Unwind, p.8

Unwind, page 8

 part  #1 of  Unwind Dystology Series

 

Unwind
 



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Page 8

 

  Risa is bowled over. "You knew that?"

  Connor looks at her, a bit amused. "Well . . . yeah. "

  If Risa felt uncertain about him before, its even worse now. She has no idea what to think. "So . . . everything that happened back there was all a show?"

  Now its Connors turn to be unsure. "I guess. Sort of. Wasnt it?"

  Risa has to hold back a smile. Suddenly shes feeling strangely at ease with Connor. She marvels at how that could be. If their argument had been entirely real, shed be on her guard against him. If it had been entirely a show shed be on guard too, because if he could lie so convincingly, shed never be able to trust him. But this was a mixture of both. It was real, it was pretend, and that combination made it all right—it made it safe, like performing death-defying acrobatic tricks above a safety net.

  She holds on to that unexpected feeling as the two of them catch up with Lev, and move toward the frightening prospect of civilization.

  Part Two

  Storked

  "You cant change laws without first changing human nature. "

  — NURSE GRETA

  "You cant change human nature without first changing the law. "

  —NURSE YVONNE

  9 Mother

  The mother is nineteen, but she doesnt feel that old. She feels no wiser, no more capable of dealing with this situation, than a little girl. When, she wonders, did she stop being a child? The law says it was when she turned eighteen, but the law doesnt know her.

  Still aching from the trauma of delivery, she holds her newborn close. Its just after dawn on a chilly morning. She moves now through back alleys. Not a soul around. Dumpsters cast angular black shadows. Broken bottles everywhere. This she knows is the perfect time of day to do this. Theres less of a chance that coyotes and other scavengers would be out. She couldnt bear the thought of the baby suffering needlessly.

  A large green Dumpster looms before her, listing crookedly on the uneven pavement of the alley. She holds the baby tight, as if the Dumpster might grow hands and pull the baby into its filthy depths. Maneuvering around it, she continues down the alley.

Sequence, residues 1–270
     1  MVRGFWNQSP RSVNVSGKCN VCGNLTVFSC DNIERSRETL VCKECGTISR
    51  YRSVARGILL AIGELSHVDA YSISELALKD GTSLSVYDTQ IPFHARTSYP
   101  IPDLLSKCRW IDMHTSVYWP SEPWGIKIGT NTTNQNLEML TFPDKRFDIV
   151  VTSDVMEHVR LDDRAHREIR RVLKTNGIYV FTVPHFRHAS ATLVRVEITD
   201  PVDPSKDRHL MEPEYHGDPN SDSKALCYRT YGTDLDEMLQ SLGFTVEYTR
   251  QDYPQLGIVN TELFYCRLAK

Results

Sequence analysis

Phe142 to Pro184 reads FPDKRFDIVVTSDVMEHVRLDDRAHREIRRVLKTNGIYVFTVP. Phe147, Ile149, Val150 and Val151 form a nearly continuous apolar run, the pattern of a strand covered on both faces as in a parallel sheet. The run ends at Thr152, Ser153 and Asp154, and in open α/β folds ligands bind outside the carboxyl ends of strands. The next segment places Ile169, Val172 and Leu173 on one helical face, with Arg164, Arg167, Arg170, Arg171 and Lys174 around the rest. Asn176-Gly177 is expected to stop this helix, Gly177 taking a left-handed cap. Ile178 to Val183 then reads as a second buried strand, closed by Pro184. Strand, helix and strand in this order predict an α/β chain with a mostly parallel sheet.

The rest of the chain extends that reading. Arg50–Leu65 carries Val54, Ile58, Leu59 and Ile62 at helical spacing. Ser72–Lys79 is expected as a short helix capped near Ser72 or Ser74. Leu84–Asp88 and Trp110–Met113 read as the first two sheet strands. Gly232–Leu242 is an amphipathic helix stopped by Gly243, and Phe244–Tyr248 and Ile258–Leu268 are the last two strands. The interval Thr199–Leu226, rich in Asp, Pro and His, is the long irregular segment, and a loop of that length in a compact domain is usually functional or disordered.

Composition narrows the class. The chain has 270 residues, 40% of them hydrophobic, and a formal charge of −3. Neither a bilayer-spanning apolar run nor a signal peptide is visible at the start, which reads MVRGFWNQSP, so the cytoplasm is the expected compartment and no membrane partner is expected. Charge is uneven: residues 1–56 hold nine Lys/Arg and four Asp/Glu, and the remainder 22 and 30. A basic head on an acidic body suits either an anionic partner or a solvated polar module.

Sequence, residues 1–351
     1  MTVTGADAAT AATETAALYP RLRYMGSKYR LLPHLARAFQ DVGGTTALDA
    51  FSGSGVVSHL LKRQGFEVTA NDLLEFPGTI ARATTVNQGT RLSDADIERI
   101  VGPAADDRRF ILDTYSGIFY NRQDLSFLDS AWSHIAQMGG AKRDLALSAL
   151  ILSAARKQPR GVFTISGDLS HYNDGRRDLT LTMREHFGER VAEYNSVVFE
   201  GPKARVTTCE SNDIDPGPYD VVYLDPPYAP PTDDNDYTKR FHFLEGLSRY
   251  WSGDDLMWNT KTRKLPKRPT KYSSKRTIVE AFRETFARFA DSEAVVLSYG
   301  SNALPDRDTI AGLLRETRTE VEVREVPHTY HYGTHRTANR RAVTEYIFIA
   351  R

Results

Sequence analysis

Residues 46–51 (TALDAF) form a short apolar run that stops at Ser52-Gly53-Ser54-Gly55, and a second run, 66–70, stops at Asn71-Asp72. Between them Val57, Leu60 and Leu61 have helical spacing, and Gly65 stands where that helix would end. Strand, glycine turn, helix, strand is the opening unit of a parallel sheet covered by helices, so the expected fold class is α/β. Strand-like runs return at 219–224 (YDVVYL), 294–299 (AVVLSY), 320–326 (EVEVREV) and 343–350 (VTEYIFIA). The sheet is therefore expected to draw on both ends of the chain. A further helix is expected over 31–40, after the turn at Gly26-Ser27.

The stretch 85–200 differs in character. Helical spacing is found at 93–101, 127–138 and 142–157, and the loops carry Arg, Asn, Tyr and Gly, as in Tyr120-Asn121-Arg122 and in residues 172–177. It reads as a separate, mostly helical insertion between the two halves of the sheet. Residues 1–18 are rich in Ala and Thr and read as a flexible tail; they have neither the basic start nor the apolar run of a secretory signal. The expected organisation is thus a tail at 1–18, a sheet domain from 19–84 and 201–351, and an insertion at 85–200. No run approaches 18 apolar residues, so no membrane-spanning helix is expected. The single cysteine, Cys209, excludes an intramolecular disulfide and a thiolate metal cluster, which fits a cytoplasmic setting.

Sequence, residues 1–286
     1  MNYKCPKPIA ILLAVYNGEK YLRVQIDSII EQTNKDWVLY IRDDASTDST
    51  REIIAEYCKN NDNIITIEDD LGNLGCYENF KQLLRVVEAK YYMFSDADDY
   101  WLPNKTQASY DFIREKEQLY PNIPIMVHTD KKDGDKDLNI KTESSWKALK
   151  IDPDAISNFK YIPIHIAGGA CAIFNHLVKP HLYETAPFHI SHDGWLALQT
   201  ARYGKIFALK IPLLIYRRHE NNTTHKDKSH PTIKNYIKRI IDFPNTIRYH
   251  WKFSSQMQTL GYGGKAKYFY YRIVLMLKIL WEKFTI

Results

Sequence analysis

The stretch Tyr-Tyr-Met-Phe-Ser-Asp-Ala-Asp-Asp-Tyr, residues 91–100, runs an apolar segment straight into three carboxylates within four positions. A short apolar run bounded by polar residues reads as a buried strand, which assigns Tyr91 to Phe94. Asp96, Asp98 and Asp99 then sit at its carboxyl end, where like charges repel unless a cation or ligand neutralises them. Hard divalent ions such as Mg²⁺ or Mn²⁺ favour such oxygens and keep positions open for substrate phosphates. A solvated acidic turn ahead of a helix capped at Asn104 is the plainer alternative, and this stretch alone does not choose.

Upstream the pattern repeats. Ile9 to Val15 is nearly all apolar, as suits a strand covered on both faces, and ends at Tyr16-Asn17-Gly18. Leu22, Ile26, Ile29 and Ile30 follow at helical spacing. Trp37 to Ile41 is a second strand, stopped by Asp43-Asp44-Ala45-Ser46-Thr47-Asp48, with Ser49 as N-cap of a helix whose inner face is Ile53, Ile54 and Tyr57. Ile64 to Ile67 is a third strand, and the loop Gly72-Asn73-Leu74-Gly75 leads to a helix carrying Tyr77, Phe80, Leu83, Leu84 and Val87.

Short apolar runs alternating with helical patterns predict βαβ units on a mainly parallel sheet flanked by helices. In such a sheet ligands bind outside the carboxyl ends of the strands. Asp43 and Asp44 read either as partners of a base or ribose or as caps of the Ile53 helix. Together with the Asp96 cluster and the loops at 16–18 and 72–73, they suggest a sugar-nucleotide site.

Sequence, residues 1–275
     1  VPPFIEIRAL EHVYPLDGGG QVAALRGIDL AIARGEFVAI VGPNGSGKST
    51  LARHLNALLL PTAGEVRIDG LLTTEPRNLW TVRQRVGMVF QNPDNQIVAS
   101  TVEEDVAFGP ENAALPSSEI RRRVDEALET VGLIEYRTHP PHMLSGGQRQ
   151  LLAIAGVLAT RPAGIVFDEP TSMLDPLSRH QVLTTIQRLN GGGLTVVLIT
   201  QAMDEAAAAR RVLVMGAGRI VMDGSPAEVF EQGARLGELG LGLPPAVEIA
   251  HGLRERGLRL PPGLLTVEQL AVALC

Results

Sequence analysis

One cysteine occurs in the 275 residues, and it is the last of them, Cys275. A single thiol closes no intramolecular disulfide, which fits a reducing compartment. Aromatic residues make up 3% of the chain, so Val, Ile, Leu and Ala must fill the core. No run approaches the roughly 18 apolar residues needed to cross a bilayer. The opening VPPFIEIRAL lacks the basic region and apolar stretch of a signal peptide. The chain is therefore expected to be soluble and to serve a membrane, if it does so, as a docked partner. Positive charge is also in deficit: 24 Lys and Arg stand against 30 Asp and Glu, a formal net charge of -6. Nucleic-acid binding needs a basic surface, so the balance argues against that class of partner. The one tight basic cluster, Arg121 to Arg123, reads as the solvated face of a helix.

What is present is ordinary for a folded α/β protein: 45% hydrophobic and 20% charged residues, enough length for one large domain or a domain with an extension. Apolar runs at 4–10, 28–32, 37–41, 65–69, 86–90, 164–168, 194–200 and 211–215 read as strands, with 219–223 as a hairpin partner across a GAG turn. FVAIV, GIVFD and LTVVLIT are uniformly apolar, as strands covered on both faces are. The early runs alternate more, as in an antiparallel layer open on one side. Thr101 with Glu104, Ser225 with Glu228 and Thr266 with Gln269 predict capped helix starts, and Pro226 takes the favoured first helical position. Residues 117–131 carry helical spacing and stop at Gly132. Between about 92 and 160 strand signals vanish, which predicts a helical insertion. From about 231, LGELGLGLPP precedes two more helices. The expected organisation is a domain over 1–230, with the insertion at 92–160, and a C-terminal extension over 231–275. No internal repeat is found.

There was a time, shortly after the Bill of Life was passed, that Dumpsters such as that would be tempting to girls like her. Desperate girls who would leave unwanted newborns in the trash. It had become so common that it wasnt even deemed newsworthy anymore—it had become just a part of life.

  Funny, but the Bill of Life was supposed to protect the sanctity of life. Instead it just made life cheap. Thank goodness for the Storking Initiative, that wonderful law that allows girls like her a far better alternative.

  As dawn becomes early morning, she leaves the alleys and enters a neighborhood that gets better with each street she crosses. The homes are large and inviting. This is the right neighborhood for storking.

  She chooses the home shrewdly. The house she decides on isnt the largest, but its not the smallest, either. It has a very short walkway to the street, so she can get away quickly, and its overgrown with trees, so no one either inside or out will be able to see her as she storks the newborn.

  She carefully approaches the front door. No lights are on in the home yet, thats good. Theres a car in the driveway— hopefully that means theyre home. She gingerly climbs the porch steps, careful not to make a sound, then kneels down, placing the sleeping baby on the welcome mat. There are two blankets wrapped around the baby, and a wool cap covers its head. She makes the blankets nice and tight. Its the only thing shes learned to do as a mother.